The Presentation Mistake You Don’t Know Youre Making

The Presentation Mistake You Dont Know Youre Making – Heidi Grant Halvorson reports a fascinating phenomenon that is counter-intuitive when marketing and making presentations.  It seems that more is not necessarily better if it brings down the average.  Heidi reports the following research findings:

Psychologists Kimberlee Weaver, Stephen Garcia, and Norbert Schwarz recently illustrated the Presenter’s Paradox in an elegant series of studies. For example, they showed that when buyers were presented with an iPod Touch package that contained either an iPod, cover, and one free song download, or just an iPod and cover, they were willing to pay an average of $177 for the package with the download, and $242 for the one without the download. So the addition of the low-value free song download brought down the perceived value of the package by a whopping $65! Perhaps most troubling, when a second set of participants were asked to play the role of marketer and choose which of the two packages they thought would be more attractive to buyers, 92% of them chose the package with the free download.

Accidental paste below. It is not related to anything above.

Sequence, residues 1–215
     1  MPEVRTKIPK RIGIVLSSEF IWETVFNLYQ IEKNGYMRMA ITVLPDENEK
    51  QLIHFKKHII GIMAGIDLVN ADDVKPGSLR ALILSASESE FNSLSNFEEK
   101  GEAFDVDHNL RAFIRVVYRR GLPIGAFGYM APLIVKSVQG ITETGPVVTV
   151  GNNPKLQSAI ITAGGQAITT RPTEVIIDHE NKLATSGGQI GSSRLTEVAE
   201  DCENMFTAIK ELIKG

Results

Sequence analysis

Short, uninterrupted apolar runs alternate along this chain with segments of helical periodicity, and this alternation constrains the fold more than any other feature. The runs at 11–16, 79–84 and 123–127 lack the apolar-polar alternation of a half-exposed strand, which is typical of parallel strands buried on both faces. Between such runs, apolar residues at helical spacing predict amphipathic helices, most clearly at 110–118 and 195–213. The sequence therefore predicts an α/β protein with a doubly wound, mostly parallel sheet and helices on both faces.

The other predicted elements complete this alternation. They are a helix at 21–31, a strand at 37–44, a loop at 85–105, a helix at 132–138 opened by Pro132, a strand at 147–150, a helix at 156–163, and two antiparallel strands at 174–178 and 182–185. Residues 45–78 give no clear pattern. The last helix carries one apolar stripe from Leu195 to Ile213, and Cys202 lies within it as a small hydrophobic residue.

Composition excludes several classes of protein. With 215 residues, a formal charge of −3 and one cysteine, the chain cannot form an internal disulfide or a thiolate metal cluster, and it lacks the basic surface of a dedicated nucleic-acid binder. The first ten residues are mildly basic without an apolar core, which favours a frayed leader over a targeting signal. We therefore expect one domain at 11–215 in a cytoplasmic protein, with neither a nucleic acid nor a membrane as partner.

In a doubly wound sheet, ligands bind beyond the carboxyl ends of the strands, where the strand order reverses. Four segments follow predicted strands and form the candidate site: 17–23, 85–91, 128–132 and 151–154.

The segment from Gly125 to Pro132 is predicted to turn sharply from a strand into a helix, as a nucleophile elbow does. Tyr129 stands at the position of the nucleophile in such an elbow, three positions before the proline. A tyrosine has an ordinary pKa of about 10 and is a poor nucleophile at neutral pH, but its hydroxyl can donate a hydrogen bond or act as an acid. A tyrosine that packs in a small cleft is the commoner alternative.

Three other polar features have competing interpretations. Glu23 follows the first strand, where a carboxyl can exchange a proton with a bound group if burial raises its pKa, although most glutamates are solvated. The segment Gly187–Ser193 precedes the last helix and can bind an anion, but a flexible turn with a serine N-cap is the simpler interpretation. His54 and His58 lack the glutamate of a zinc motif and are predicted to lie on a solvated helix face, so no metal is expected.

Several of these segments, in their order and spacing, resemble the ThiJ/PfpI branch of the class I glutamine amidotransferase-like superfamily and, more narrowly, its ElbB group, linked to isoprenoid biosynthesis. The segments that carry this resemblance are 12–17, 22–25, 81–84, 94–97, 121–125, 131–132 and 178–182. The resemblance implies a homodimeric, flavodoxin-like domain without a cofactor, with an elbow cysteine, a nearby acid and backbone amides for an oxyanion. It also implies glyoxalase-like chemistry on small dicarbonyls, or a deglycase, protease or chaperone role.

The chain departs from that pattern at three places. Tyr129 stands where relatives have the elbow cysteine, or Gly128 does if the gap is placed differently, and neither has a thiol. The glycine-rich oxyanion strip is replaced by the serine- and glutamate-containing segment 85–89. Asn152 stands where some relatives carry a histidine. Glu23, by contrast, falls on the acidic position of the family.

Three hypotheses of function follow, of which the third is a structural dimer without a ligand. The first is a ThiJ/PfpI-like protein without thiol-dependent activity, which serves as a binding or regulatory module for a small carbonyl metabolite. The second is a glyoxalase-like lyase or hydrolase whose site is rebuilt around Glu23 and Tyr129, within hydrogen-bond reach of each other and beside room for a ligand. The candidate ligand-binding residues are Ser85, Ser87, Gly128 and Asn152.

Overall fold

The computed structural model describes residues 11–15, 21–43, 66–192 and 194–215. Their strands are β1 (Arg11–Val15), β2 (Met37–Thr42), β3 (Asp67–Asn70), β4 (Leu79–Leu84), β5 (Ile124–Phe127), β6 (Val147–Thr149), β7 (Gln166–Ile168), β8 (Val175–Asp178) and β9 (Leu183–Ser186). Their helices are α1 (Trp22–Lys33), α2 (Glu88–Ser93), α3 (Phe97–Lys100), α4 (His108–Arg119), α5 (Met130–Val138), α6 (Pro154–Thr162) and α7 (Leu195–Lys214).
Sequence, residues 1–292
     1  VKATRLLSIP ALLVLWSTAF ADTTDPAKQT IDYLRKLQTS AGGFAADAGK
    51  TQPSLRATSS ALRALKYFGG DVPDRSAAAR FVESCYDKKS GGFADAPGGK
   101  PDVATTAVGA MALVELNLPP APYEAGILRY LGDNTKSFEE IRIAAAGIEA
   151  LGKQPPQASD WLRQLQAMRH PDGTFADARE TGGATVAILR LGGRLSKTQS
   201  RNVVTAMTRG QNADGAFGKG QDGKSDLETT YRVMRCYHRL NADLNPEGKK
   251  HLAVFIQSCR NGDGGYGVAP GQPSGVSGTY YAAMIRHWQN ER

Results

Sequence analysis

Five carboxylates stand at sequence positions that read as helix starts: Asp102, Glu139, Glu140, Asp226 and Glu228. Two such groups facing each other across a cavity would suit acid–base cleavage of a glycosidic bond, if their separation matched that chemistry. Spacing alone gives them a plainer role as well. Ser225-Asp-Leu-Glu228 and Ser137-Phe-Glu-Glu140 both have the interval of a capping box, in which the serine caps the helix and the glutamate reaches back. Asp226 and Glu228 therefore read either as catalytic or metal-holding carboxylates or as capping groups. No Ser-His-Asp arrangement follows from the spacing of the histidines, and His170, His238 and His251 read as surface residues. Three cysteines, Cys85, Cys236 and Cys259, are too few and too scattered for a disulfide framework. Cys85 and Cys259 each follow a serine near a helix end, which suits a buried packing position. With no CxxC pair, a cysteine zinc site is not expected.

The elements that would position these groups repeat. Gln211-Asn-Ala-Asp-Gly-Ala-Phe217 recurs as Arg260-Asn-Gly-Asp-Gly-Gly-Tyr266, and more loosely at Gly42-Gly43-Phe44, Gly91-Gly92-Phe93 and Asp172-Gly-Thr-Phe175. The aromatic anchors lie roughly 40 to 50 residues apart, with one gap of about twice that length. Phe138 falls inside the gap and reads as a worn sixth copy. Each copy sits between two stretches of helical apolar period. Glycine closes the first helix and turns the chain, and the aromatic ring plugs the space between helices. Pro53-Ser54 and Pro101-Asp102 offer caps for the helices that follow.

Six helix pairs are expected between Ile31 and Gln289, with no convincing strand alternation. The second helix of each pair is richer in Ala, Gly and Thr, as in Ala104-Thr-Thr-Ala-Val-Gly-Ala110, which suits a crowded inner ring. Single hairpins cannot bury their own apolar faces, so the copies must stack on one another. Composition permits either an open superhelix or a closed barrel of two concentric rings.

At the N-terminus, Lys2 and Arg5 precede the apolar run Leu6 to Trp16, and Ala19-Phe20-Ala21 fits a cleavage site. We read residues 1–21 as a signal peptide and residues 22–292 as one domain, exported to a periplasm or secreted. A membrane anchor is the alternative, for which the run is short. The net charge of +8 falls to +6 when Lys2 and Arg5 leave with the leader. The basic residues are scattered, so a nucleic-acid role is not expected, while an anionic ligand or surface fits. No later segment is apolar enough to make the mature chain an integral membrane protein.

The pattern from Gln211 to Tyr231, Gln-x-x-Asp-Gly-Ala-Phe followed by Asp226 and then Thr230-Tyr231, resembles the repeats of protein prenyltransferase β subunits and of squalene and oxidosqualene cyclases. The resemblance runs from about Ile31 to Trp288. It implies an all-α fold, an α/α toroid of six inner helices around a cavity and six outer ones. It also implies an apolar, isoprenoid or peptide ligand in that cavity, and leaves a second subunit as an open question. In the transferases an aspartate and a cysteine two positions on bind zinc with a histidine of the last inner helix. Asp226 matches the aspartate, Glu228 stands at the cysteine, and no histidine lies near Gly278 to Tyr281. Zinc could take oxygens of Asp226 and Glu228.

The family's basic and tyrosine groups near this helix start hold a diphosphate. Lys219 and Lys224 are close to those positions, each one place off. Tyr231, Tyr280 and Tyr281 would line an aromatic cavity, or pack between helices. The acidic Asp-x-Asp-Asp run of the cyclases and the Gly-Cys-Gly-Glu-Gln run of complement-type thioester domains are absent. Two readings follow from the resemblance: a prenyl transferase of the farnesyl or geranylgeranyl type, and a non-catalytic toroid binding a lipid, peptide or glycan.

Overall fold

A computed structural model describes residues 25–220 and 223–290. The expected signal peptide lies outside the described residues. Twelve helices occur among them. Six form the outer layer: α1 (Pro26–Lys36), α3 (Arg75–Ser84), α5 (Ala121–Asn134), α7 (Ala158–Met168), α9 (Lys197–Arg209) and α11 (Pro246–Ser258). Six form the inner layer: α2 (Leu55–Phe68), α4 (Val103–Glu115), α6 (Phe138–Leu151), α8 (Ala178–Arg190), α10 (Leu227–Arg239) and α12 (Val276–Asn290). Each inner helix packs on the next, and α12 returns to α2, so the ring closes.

So when marketing or making a presentation, bear in mind that the audience will perceive the average value of the offerings — not the sum of the value of the offerings.  For me, this is so counter-intuitive.  I can’t even think of the times that I have made this mistake.  And it is going to be a hard habit to break.  But with the knowledge of this phenomenon, at least I will be warned.

I first came across Heidi’s work when she wrote “Nine Things Successful People Do Differently” also on the Harvard Business Review.  I was impressed with her work then and continue to be impressed with her contributions.  For more information, please see


  • Nathan S. Gibson

    Nathan S. Gibson is an independent worker compliance business partner who provides expertise and creative solutions to enhance workforce flexibility and maintain compliance. He helps mitigate the risks associated with the misclassification of self-employed consultants, freelancers and independent contractors.

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